The bottom line is that the culture of photography as a whole is changing, and quickly. That will be both good and bad, in various complex ways. (And in other ways, it will simply be different.) This is not to bemoan change; that would be asinine. (Who said "resistance is useless"?) But photography's culture has a great many aspects, and the disruption that's been occurring and is continuing to take place now has a great many effects, ramifications, and potentialities. Both for obvious good, and not so much.
(Thanks to He Knows Who He Is)
P.S. This essay could be ten times better if I'd had three months to write it and if some big magazine were going to pay me five grand for the result. As it is, I had one morning to write it, and most of my readers won't read the whole thing because it's too long. Blogging has great advantages. My life in photography as a whole is much better in the digital/Internet age. But there are a few disadvantages, too. :-)
Original contents copyright 2014 by Michael C. Johnston and/or the bylined author. All Rights Reserved. Links in this post may be to our affiliates; sales through affiliate links may benefit this site.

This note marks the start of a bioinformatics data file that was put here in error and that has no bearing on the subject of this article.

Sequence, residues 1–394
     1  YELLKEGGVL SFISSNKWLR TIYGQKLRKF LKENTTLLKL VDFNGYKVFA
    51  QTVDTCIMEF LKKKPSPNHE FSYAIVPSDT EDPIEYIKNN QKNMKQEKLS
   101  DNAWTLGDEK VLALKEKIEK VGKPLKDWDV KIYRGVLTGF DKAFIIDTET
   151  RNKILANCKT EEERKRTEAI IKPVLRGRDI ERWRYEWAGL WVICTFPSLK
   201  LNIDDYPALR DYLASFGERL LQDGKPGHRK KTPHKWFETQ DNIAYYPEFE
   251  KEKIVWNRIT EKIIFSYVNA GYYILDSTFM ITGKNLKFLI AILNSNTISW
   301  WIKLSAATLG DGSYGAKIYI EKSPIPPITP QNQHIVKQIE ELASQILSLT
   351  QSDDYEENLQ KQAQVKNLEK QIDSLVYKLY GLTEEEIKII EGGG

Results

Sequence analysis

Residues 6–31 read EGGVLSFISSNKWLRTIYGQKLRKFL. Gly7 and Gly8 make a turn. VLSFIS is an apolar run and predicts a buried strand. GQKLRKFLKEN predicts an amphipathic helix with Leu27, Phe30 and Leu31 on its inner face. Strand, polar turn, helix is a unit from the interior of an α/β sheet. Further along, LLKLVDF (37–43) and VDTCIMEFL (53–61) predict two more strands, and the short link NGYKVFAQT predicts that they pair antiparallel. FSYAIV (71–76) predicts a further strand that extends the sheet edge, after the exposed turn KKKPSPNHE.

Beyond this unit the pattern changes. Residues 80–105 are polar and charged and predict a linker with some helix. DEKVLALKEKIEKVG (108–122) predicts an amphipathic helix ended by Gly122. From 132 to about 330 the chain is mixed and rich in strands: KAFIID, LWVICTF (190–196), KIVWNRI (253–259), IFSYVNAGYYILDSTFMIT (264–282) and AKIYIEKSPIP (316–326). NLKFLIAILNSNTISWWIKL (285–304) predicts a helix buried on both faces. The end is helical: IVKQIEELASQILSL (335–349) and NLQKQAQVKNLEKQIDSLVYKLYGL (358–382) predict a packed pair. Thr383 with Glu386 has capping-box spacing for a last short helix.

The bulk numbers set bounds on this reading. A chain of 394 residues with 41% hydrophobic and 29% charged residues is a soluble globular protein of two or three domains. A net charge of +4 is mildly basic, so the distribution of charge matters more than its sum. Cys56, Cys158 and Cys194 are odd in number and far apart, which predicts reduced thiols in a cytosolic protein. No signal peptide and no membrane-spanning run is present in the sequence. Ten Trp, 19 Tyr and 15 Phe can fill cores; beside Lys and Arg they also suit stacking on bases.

(To see all the comments, click on the "Comments" link below.)
Featured Comments from:
Carl Schmidt: "I am a forensic pathologist (who grew up with a darkroom). We document what we see extensively with pictures. We use DSLRs. The expectation that a case will be documented with pictures is such that many people think it’s a law, but its not. We had a couple of photographers, but budget problems forced us to lay them off. They were very good photographers too. Now the doctors take their own pictures. The difference in quality is appalling. Forensic photography is not art, but it sure helps to know what you’re doing. It is its own kind of documentary photography. Most of the pathologists, with no formal training in photography, cannot take a decent picture to save their lives. They are often blurry because of hands shaking or out of focus. We often use flash, so pictures are either washed out or underexposed. The subject is not centered in the picture, or a camera strap is in the way, but no one notices as it’s happening. I have tried all sorts of things to overcome this, but if you view picture taking as a chore that used to be done by someone else, your pictures are going to reflect it. I have thought about switching to a point-and-shoot camera, but even then you have to know about the macro setting and get it right for what we need to do.